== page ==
In the wake of visits from Democratic presidential nominee Barack Obama and Republican V.P. hopeful Sarah Palin, Jefferson County is adjusting to its new role in the national political spotlight.
But the pundits who analyze political races for a living aren't surprised by the attention Jeffco is getting.
"If you look at the polls, and assign probabilities based on how people may vote and in terms of the Electoral College, it seems that whichever candidate wins Colorado will win the election," said Dr. John Ratliff, a political scientist and sociology professor at Arapahoe Community College. "Colorado will truly be a swing state."
Ratliff says the shifting political affiliations in Jefferson and Arapahoe counties — both with huge blocs of active voters — have put the state in play.
Jefferson County had 356,608 registered voters as of Sept. 19. Republicans have a slight lead in registrations with 125,541, over the second-biggest bloc, unaffiliated voters, who number 119,383. Democrats are the third-largest group, with 111,832 registered voters.
That breakdown is similar at the state level. There are 1,029,062 registered Republicans, 1,022,575 unaffiliated voters and 955,428 registered Democrats.
In Jefferson County, Republicans have lost 18,000 voters since the 2004 general election. Democrats have gained about 1,000 in the same time period, and there are about 3,000 fewer unaffiliated voters in Jeffco for this presidential election.
With the added attention comes added pressure to get things right. Jeffco Commissioner Kathy Hartman, County Clerk Pam Anderson and Gov. Bill Ritter are urging voters to vote early or by mail this year.
"We can do ourselves proud by doing as much as we can to vote early and vote by mail," Ritter said. "Those are the two tools we have to ensure that on Nov. 4 things go smoothly and we play the role we should play in the national election."
Josh Liss, Jeffco's deputy of elections, said there is extra pressure, but not necessarily because Jeffco is a swing county in a swing state.
"I think the added pressure comes from being a presidential election year, and having two very close presidential elections in 2004 and 2000," Liss said. "But not from being Jefferson County. We're elections professionals; we've got a job to do, and we'll do it to the best of our ability regardless of the year."
Ratliff said the recent appearances by Palin and Obama have little value in attracting new voters.
"These appearances are important, but that's more to rally the loyal and perhaps get some free media coverage," Ratliff said. "But there's going to be an emphasis on the ground game this time."
The “ground game” refers to local organizing efforts by the major campaigns. The Obama campaign has several offices in the county, and the McCain campaign has one.
Multiple calls left for the Obama campaign were not returned.
Tom Kise, McCain's regional communications director, said Jeffco is vital for success Nov. 4.
"Jefferson County is a swing county, and it's important for us to compete in Jefferson County all the way through Election Day," Kise said. "We've got an active volunteer organization in Jefferson County, along with an office in Jefferson County. We're going to be aggressive in going after voters in the county."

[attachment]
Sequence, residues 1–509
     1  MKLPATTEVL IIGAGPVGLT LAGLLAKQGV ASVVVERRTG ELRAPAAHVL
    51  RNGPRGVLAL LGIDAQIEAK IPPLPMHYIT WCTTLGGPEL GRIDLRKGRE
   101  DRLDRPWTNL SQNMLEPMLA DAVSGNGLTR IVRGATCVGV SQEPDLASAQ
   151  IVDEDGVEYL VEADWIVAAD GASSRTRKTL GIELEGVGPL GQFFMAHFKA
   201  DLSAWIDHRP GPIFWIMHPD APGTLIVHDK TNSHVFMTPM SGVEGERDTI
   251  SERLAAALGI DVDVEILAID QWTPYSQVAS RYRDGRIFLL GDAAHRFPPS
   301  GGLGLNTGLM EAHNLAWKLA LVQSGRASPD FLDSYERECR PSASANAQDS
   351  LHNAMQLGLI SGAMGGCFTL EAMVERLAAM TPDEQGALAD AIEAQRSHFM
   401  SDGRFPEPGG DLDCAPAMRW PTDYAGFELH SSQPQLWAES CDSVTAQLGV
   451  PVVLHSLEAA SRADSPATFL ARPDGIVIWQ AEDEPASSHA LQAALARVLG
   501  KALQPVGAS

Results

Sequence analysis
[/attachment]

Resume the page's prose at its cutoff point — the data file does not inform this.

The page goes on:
Kise doesn't agree with Ratliff on the value of Palin's appearance.
"We had people coming in to get tickets that were former Hillary Clinton supporters, Democrats and unaffiliated," Kise said. "I think her appeal is across the board among former Clinton supporters, unaffiliateds and Republicans alike. She brings a lot to the ticket."
He said that Palin and McCain will be back in Colorado before Election Day, but he couldn't say exactly where. The campaign announced that Palin will visit Centennial on Oct. 4.
Renee Nelson, chair of the Jeffco GOP, said she's "excited" about Jeffco's prominence in the race but said the county has been on the radar for the last two elections.
"With having Palin here over the last week, it's been a tremendous boost with our volunteers," Nelson said. "We're using that as a springboard to get more people on the ground."
Palin has energized Jeffco Republicans, Nelson added. Former Massachusetts Gov. Mitt Romney won the county handily in February, but he dropped out of the race days later.
"They felt their voice wasn't heard," Nelson said of Jeffco Republicans and their lack of enthusiasm for McCain. "But there's been a real shift in the demographic of people who want to jump in and do what they can." That energy means to Nelson that Jeffco is still a solid red county, despite voter registration numbers.
"This is a strong Republican area," Nelson said. "We still have the numbers, but the candidates need to stress the principles and need to stand up for those. As long as we give them a reason to come out and vote, and this will still be a Republican county."
Dick Barkey, chair of the Jeffco Democratic Party, did not return calls for this story.
Ratliff said the role of unaffiliated voters will be crucial to whichever candidate eventually wins Jefferson County and the state. He said that Colorado’s nine electoral votes loom large.
“My sense is that Colorado has a tradition of a cleaner election process than either Ohio or Florida," Ratliff said. "And we have a more civil political culture here, I hope."